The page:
“I’ve been here 68 years and I don’t think is right for the humane society to ask the county commission to (shut down the range) for a select few,” said Chair Noah Lockley. “You know whoever accepted that piece of property from the previous county commission board, after asking for land, and they got it, I’m quite sure they knew that there was a gun range,” he said. “They aint said nothing about the sheriff’s gun range.”
Shuler said the sheriff’s range is about 600 feet from the animal shelter, about 150 feet further than the public range. “Could we create a sound barrier, fast growing vegetation to muffle sound?” he asked. “There’s not going to be a measurable reduction of the sound."
“They got the same amount of noise, but they’re not complaining about that,” Lockley said. “They’re acting like kids. Let’s sit down and work it out.
“We’re not supposed to change every time a new set of people come in,” he said. “We all know dogs have problems with guns, with noise. That wasn’t mentioned when they asked the county to give them the property. After they got the property they want to change the rules.”
Commissioner Smokey Parrish said he spoke with Smith, and he said he would be willing to open to the public his range, which he is refurbishing with Hurricane Michael reimbursement monies from FEMA.
“We have had no time to research an alternative. Hunting season is right around the corner; it kind of puts the board with no option,” Parrish said.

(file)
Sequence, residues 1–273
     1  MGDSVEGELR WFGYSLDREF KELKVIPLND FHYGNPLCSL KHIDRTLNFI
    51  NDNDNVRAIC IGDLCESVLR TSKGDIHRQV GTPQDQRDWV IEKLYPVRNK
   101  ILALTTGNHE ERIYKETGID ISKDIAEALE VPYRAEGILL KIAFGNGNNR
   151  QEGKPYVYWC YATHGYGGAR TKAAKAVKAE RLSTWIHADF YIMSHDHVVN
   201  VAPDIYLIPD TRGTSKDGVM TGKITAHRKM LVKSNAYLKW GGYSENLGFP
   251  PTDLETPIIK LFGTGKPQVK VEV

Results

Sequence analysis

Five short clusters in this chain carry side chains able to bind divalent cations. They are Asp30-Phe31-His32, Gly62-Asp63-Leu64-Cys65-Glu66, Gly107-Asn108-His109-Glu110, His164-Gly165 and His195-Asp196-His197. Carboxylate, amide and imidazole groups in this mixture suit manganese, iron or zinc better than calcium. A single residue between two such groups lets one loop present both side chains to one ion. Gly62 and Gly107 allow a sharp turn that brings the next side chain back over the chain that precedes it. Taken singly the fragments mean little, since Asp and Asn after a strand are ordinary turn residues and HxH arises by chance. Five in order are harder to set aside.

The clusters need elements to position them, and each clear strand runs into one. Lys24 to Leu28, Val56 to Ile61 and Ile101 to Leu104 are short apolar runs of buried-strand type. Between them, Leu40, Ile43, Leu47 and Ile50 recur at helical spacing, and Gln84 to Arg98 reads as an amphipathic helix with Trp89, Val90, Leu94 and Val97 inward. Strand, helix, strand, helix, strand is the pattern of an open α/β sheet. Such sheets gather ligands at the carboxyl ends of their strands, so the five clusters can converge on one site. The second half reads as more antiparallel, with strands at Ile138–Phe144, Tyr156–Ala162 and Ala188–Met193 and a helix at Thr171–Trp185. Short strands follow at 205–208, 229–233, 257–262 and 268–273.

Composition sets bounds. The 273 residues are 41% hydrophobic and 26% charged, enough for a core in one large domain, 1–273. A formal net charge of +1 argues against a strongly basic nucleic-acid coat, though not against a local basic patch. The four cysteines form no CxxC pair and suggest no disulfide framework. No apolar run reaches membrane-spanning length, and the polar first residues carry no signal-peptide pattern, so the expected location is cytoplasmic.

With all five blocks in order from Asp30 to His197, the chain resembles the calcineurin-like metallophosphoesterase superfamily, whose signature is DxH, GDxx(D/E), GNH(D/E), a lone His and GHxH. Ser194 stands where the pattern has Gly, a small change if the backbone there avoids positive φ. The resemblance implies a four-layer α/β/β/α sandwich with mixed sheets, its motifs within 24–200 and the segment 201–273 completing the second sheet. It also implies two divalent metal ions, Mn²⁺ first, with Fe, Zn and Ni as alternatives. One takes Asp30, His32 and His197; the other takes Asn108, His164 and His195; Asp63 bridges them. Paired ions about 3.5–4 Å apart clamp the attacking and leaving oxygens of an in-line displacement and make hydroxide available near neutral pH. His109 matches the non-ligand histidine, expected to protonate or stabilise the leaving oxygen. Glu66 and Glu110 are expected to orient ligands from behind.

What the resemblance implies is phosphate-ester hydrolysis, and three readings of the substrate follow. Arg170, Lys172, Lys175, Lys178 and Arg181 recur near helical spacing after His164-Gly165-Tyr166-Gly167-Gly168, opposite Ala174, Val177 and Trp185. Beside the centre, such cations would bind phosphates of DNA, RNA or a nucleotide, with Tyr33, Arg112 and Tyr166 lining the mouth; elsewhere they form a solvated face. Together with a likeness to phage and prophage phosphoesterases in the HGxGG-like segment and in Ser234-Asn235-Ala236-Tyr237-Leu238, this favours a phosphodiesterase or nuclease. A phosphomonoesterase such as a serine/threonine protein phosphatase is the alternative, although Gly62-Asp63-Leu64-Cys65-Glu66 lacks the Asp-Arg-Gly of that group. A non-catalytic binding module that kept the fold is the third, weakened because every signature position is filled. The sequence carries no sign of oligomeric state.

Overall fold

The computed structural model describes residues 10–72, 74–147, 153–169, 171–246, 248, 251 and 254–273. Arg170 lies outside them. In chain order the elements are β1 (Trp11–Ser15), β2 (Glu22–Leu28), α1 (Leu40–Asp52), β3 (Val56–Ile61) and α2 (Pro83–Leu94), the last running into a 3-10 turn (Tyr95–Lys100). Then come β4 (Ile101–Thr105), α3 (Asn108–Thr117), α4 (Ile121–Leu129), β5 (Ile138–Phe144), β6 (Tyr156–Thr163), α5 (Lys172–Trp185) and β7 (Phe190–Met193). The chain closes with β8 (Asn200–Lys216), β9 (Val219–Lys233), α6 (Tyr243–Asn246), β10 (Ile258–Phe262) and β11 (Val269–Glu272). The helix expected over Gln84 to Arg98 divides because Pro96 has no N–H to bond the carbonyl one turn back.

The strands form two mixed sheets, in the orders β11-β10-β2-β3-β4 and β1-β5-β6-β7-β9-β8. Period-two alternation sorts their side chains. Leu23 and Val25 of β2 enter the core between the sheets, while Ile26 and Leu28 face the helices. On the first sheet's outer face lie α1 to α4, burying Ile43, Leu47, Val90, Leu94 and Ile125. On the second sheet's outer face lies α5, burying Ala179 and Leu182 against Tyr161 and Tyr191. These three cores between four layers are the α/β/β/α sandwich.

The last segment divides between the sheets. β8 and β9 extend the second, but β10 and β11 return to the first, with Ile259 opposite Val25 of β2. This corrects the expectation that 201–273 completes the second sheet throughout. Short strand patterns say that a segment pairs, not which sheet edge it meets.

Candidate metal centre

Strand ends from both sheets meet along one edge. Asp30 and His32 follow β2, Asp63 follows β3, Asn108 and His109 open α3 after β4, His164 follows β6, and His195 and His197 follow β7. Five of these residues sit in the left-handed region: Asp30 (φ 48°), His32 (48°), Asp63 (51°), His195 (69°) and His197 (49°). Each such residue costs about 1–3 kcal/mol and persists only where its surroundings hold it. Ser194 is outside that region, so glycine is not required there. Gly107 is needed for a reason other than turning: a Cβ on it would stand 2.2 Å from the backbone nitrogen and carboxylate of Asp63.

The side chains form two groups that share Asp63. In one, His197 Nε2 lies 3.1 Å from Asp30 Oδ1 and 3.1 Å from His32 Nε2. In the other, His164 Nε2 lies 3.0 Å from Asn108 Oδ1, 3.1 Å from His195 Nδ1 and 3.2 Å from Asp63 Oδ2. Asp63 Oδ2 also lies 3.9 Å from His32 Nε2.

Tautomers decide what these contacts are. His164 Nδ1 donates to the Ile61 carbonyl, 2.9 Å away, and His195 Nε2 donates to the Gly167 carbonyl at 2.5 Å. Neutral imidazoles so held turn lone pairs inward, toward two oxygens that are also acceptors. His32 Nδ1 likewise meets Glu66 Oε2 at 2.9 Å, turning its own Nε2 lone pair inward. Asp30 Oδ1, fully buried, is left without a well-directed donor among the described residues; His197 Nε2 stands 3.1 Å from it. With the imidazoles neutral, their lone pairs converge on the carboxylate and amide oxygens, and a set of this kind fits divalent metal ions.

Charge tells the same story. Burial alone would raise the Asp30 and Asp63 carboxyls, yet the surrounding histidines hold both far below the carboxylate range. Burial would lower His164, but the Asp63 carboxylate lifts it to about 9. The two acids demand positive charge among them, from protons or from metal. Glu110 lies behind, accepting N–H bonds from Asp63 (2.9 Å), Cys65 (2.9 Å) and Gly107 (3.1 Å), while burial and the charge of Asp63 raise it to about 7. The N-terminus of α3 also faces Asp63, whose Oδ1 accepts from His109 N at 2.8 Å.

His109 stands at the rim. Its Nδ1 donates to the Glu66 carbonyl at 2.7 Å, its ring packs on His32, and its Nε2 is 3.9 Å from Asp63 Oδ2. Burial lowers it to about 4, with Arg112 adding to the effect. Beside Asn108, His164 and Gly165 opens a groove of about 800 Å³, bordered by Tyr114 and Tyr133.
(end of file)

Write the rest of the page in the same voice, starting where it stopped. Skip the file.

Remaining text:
He also said the cost must be considered, since the sheriff’s range could call for round the clock supervision. “Is that an advantageous way to spend taxpayers’ dollars? That’s the quagmire the county is facing,” said Parrish. “I don’t think the humane society is looking at the position they’re putting the board in.
“You have forced the board to take actions to protect themselves and the general public,” he said.
Commissioner Ricky Jones said Tuesday’s meeting was the first time he had heard the humane society planned to expand its services.
“That could have been a simple discussion with the county,” he said. “That’s the first conversation we’ve had about this whole thing. That’s the problem.
“We as commissioners have to cover the whole county, not just the humane society,” Jones said. “We have to give reasonable answers to everyone. This is not an us vs. you mentality; that’s not what the county commission is doing.”
Commissioner Bert Boldt said the county should look into creating a “NRA standard approved” range at a different site. “Maybe with an archery range, I’d like to think about that part,” he said.
“What scared the county commission is this was summarily shut down,” Boldt said. “That’s something that needed to be vetted way before it was summarily declared.”